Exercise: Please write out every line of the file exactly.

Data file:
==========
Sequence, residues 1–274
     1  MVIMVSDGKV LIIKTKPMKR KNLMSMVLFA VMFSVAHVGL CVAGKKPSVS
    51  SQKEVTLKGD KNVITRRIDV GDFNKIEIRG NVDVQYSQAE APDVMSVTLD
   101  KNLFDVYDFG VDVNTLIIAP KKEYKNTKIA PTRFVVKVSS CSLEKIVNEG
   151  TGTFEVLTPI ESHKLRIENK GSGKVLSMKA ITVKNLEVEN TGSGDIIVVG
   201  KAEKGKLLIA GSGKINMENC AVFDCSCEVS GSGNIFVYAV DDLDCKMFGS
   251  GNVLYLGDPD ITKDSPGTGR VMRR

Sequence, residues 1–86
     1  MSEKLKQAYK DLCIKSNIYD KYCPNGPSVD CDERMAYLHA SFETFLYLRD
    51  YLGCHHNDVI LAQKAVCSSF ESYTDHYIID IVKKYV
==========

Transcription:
Sequence, residues 1–274
     1  MVIMVSDGKV LIIKTKPMKR KNLMSMVLFA VMFSVAHVGL CVAGKKPSVS
    51  SQKEVTLKGD KNVITRRIDV GDFNKIEIRG NVDVQYSQAE APDVMSVTLD
   101  KNLFDVYDFG VDVNTLIIAP KKEYKNTKIA PTRFVVKVSS CSLEKIVNEG
   151  TGTFEVLTPI ESHKLRIENK GSGKVLSMKA ITVKNLEVEN TGSGDIIVVG
   201  KAEKGKLLIA GSGKINMENC AVFDCSCEVS GSGNIFVYAV DDLDCKMFGS
   251  GNVLYLGDPD ITKDSPGTGR VMRR

Sequence, residues 1–86
     1  MSEKLKQAYK DLCIKSNIYD KYCPNGPSVD CDERMAYLHA SFETFLYLRD
    51  YLGCHHNDVI LAQKAVCSSF ESYTDHYIID IVKKYV